Things commenced with a representative of the university giving a run-down of De Bono's achievements. As befits one of the '250 most important people ever', when someone else was talking, even when they were talking about him, the doctor sat through it looking like he could drop off at any moment. He seemed to keep himself awake with sneaky bouts of lateral thinking, inverting his coffee cup and trailing his finger absently around the base as he stared off into space. Finally, however, his moment in the spotlight arrived. To a ripple of applause, he rose and shuffled across the stage, in his trademark garish tie and stripy socks, to sit next to an OHP and his trusty set of coloured pens. After fumbling with a clip-on mic, he opened three days of creative thinking in his gently commanding Oxbridge tones: 'Good morning ladies, gentlemen and blondes.'

We were then treated to a swift rundown of his big breakthrough: pioneering a way to treat creativity as a systematic process. Instead of sitting and waiting for that elusive bolt of heavenly inspiration to strike, he said, he had developed methods through which a thinker could bypass the brain's natural dead-ends and keep the flow of fresh ideas coming. He rattled through the spiel as if he had done it a thousand times before. Which, of course, he had.

Back at lunch in St Julian's, De Bono has another chance to discuss the thinking behind his thinking. It proves very hard to disagree with him - initially, at least. 'A lot of people see creativity as just messing around and waiting for something to happen,' he says, having ordered what turns out to be an unfeasibly large Mediterranean sea-bass. 'But there's a lot more to it than that. Philosophers are just playing around with words, whereas lateral thinking is very logical: you simply can't dig a hole in a different place by digging the same hole deeper. Physicians and mathematicians, you'll find, have no problems with my ideas.'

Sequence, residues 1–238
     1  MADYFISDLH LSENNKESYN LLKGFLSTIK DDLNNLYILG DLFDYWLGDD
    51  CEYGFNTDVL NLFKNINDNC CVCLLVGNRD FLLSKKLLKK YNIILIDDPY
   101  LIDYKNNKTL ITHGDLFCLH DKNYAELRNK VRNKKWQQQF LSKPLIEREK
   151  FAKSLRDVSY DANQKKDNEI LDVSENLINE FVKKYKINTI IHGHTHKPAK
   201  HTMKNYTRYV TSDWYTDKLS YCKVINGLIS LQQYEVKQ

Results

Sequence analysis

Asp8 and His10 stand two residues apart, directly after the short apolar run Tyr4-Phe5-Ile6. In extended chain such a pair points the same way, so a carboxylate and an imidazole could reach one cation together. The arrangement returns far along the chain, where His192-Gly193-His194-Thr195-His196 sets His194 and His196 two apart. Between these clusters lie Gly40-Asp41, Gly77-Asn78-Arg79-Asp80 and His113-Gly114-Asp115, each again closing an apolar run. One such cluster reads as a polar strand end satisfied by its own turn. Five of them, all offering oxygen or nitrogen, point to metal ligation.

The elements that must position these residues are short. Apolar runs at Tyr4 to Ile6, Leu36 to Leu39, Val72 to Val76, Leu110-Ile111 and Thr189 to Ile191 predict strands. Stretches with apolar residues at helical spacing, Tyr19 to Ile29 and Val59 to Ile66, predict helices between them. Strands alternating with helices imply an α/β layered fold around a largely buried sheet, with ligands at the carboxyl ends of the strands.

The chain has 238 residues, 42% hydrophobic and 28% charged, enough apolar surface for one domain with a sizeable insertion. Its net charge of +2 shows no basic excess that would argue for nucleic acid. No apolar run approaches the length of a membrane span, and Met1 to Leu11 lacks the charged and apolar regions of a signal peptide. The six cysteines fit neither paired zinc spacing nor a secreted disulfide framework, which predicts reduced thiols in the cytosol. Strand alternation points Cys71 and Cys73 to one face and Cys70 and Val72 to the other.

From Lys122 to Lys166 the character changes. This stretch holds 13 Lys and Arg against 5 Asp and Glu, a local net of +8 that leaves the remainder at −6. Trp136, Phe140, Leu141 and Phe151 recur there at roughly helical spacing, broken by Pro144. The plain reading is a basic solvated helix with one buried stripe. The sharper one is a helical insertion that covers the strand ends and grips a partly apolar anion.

Business has been remarkably receptive too. The list of companies that has tuned into his methods is seemingly endless and includes pretty much all the corporate big guns you can think of, from Boeing to BT, and Nokia to Nestle. Siemens has a company-wide initiative to train people in the doctor's methods. His techniques apparently cut IBM meeting times to a quarter, and his sought-after training sessions can cost companies around $30,000.

In the face of increasing global competition and rapidly accelerating change, it's easy to see the appeal of someone peddling a systematic approach to being creative, especially when much management thinking is still rooted in the outdated manufacturing-based processes and structures of the last century. De Bono persuasively asserts that we should be treating creativity as seriously as capital, labour, machinery or IT. 'The name of the game in business is doing what you're supposed to do,' he says, 'because everything else is high-risk. We don't have a word in English that means "fully justified venture that for reasons beyond my control did not succeed". If you try something that doesn't work, it's a failure.'

And herein lies the heart of the De Bono conundrum. Stop there and you're left impressed with what is clearly a perceptive mind. His ideas, you suspect, would make a solid base for some sound developmental thinking. But left to its own devices, his ego is at least the equal of his intellect. In his first seminar, De Bono claimed to have revolutionised the oil industry by challenging the accepted wisdom that companies could only drill vertically downwards and not horizontally. Firms such as Shell were apparently kicking themselves for not thinking of that before. Does this mean Shell's pioneering new snake drill technology, the subject of the bendy straw ad campaign, is all down to one Edward De Bono? It would be hard to imagine him denying it, but we're sure Jaap Van Ballegooijen, its chief petroleum engineer, would have something to say on the subject.